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Let Japan's Self-Defense Forces Take Some Risk




Some controversies could only be controversies in Japan.


The “rediscovery” of supposedly lost logs of the Ground Self-Defense Force (GSDF) unit deployed to Iraq from 2004 to 2006 reveal that troops were sometimes exposed to danger.


I should hope so.  It was Iraq after all.


And other “misplaced” but “found” logs from the GSDF’s peacekeeping duties in South Sudan from 2012 to 2017 indicate that country was dangerous as well. South Sudan dangerous?   Pass the smelling salts, please.



The fuss over the lost and found records is partly an effort to hurt Prime Minister Shinzo Abe even by people in his own party. But beyond domestic politics, it raises certain concerns about Japan’s willingness to defend itself.



Japan needn’t apologize for being careful about where and when it deploys troops overseas. All nations do that—except for a few that dispatch troops to PKO operations to earn income. Even the United States is sometimes careful. Traumatized by losing 19 men in Somalia during the Blackhawk Down incident in 1993, the U.S. stood clear when Rwanda came to pieces a year later and allowed a million Africans to die in tribal bloodletting.


The Japanese government did try to stack the deck in Iraq and find the safest part of the country—and also enlisted the Australians to protect the GSDF. In other words, it was getting credit for participating in a war without actually being in it.  Finding a perfectly safe spot to send Japanese forces was perhaps unrealistic.


Fortunately, the GSDF stayed and did a credible job—and also built up the confidence and gained useful experience that come from such endeavors. Indeed, exposure to danger often makes for a better military.


The GSDF also performed well in South Sudan—as has the Japan Self-Defense Forces (JSDF) in every overseas deployment.



As for the missing logs, Japan should be grateful they were “misplaced”—or at least not highlighted. Otherwise, GSDF would have probably been pulled out of Iraq soon after it arrived—to Japan’s lasting humiliation. Indeed, the reason for sending the GSDF to Iraq was to avoid the embarrassment of the first Gulf War when Japan wrote an enormous check while allowing other countries to do the hard work.


Heading for the exits at the first sign of trouble in South Sudan would have been similarly embarrassing.


Japanese involvement in peacekeeping types of operations has come a long way from Cambodia in 1992, where there was fierce debate over whether deployed personnel could carry pistols.  


But critics of PKO missions and other overseas deployments are still being unrealistic. While demanding perfect security before allowing JSDF to head off, they seem to expect the parties to a given conflict to declare: “Hold your fire! The Japanese are here. We mustn’t frighten them.”


Sending troops overseas is always risky, as is keeping them in Japan—as a spate of fatal training accidents demonstrate. Danger is part and parcel of military service. Just as when firemen do their jobs or train for them, there’s risk involved.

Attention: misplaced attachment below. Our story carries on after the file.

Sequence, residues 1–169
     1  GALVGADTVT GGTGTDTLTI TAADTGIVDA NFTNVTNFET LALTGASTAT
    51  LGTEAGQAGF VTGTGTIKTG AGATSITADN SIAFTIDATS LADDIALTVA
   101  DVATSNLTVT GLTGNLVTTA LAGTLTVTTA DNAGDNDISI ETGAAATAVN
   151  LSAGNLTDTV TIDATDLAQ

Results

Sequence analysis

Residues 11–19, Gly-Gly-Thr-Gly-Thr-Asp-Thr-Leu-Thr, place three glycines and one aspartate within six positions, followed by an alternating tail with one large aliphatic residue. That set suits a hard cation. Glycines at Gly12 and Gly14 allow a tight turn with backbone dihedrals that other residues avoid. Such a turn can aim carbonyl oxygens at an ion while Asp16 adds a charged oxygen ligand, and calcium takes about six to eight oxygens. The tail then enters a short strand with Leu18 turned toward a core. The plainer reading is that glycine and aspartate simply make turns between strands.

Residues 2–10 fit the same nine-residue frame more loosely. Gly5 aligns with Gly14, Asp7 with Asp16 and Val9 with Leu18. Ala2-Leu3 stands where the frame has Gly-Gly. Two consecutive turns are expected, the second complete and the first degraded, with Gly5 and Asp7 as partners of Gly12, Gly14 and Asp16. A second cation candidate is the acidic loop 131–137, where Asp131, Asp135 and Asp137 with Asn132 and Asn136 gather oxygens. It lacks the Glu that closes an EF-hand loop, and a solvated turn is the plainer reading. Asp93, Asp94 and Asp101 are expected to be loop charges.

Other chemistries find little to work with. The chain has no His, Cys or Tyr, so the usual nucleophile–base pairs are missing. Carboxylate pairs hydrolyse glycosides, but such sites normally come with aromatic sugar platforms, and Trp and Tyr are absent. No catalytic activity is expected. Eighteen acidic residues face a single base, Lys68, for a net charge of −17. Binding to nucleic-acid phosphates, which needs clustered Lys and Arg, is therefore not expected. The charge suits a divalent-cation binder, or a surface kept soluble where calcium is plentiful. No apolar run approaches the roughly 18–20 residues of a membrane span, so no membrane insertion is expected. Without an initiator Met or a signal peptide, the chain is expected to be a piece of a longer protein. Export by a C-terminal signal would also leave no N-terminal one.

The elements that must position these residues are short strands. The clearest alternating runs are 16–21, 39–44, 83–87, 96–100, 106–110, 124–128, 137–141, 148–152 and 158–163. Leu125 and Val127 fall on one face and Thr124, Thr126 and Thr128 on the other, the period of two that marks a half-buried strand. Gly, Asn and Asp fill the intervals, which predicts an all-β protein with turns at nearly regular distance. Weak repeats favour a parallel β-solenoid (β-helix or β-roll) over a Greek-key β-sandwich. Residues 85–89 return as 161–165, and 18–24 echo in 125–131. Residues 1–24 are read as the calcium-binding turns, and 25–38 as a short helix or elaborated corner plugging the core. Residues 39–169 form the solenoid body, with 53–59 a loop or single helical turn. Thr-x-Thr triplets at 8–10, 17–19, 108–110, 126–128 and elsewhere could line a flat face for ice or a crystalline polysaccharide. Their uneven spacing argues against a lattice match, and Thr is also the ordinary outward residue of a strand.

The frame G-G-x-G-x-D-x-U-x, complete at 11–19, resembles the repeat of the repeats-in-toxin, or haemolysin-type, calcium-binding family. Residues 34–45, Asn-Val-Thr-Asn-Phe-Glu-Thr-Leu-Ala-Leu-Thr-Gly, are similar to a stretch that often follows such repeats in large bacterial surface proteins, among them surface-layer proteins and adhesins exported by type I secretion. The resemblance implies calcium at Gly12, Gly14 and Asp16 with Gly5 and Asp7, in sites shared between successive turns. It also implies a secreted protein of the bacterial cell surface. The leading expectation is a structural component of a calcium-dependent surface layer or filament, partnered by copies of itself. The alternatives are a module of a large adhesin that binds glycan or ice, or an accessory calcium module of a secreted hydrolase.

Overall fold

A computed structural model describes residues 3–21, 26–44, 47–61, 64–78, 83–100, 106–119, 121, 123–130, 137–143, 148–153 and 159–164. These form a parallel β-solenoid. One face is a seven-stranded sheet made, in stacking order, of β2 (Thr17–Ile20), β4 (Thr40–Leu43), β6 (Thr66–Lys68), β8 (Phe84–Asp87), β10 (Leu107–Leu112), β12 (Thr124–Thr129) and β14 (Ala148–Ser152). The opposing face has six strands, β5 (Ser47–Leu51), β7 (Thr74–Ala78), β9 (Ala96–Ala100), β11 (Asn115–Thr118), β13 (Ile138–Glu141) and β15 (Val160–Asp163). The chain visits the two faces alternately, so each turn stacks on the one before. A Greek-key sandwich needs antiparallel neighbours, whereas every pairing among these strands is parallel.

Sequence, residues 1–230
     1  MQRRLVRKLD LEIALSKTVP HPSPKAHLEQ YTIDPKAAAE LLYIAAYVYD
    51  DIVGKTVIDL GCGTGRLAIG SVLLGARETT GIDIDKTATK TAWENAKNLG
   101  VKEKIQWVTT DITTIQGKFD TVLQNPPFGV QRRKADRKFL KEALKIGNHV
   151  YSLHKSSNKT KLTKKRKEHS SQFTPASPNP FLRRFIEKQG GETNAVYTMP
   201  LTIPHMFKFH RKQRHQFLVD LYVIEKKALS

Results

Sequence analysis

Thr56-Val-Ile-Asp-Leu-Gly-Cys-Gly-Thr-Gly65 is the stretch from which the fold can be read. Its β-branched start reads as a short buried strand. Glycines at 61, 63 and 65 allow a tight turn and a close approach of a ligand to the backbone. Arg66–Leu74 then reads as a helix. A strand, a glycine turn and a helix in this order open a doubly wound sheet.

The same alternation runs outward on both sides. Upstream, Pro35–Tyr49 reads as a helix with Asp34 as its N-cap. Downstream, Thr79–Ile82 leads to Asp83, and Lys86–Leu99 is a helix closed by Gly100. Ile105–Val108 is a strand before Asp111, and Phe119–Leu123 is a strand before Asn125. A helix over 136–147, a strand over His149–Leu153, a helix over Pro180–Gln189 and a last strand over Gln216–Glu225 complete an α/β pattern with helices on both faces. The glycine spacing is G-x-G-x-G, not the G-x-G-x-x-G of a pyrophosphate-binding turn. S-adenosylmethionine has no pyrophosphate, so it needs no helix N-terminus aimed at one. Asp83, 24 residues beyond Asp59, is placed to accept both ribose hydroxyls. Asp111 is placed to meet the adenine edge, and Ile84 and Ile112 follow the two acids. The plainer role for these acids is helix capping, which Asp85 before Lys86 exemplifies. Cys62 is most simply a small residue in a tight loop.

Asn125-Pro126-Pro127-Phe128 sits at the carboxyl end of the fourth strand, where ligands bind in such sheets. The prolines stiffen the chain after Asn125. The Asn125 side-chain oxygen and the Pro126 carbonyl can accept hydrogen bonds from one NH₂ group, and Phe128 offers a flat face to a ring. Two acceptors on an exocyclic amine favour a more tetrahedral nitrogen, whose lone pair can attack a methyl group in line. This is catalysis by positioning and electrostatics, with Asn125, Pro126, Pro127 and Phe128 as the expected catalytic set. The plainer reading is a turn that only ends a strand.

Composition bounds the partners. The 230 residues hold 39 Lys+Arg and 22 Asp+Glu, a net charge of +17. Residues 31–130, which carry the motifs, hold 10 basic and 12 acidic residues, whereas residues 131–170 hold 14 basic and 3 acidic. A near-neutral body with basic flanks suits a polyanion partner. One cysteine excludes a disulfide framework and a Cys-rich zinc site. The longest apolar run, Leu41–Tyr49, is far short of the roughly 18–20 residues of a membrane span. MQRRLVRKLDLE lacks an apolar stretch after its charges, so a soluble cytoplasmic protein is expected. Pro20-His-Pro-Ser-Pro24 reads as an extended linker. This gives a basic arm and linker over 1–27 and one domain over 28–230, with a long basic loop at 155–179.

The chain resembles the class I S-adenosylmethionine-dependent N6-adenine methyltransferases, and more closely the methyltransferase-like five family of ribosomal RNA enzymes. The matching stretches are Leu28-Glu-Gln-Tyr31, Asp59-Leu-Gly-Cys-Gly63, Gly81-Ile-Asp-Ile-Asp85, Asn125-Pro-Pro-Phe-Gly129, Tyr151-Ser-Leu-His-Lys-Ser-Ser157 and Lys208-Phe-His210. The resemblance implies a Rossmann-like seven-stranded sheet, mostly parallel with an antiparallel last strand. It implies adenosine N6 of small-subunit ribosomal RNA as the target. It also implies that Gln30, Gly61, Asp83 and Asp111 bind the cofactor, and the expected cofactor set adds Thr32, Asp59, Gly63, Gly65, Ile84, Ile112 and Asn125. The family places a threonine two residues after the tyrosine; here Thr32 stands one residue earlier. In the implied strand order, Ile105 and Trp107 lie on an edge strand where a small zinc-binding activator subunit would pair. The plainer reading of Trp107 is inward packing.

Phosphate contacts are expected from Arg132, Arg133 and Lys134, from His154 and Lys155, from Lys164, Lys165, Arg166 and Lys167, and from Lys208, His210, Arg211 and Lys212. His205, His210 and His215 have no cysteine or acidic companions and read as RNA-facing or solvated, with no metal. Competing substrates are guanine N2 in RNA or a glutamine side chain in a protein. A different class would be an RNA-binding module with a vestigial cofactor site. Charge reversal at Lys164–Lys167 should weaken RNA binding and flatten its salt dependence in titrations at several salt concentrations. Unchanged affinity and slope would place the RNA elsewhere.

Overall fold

Japan’s hypersensitivity towards risk and casualties goes beyond prudence. And it even raises doubts about Japan’s commitment to defending itself, and maybe even its usefulness as an ally.



One retired American officer with long experience with the JSDF commented: “Until prime ministers stop doing things like vowing to resign if there is a single Japanese casualty on a pretty basic peacekeeping mission, then Japan will not be taken seriously. [We] will never be truly enthusiastic about the SDF as long as they can’t show the real-world will to combat of the Australians, Danes, Latvians, or Poles.”


Of course, alliance managers on both sides claim the U.S. and Japan are in lock step and the Japanese will “stand tall” when the time comes.


That may be so. But one still wonders. A lot depends on the particular circumstances when Japan is called to join the fray. And a lot depends on the Prime Minister. People in Japan won’t all share Mr. Abe’s “forward leaning” sense of what Japan needs to do to defend itself —and the Americans.  



And Mr. Abe may be gone sooner than expected; and ironically the “misplaced” GSDF logs controversy weakens him to some degree. Former Prime Minister Junichiro Koizumi, on whose watch Iraq happened, gets a pass, however. He’s anti-Abe after all.


Some critics claim the “missing logs” threaten the principle of civilian control of the military. Really? The JSDF was defanged from the day it was founded, and remains so. When JSDF leaders are too afraid to even publicly speak up about JSDF shortcomings and inadequate budgets, missing logs aren’t a sign a military coup is in the offing. Indeed, it’s an understandable reaction to decades of harping and criticism of even the most commonsensical JSDF activities and the JSDF’s very legality.


At the end of the day, if Japan expects others to take risk on its behalf, it’s useful to take risks on others’ behalf. And don’t insist on a Japanese exemption from dangers that others are facing.


One Southeast Asian defense expert noted recently: “Polls show the Japanese perceiving a worsening security environment. But if the mentality is to always keep their troops out of harm’s way, who’s going to defend the country?”


That’s a good question. Why not let the JSDF do its job?



Grant Newsham is a senior research fellow at the Japan Forum for Strategic Studies and a retired United States Marine Officer. He was the the first US Marine liaison officer to the Japan Ground Self Defense force and was instrumental in promoting the JSDF’s initial moves towards an amphibious capability.





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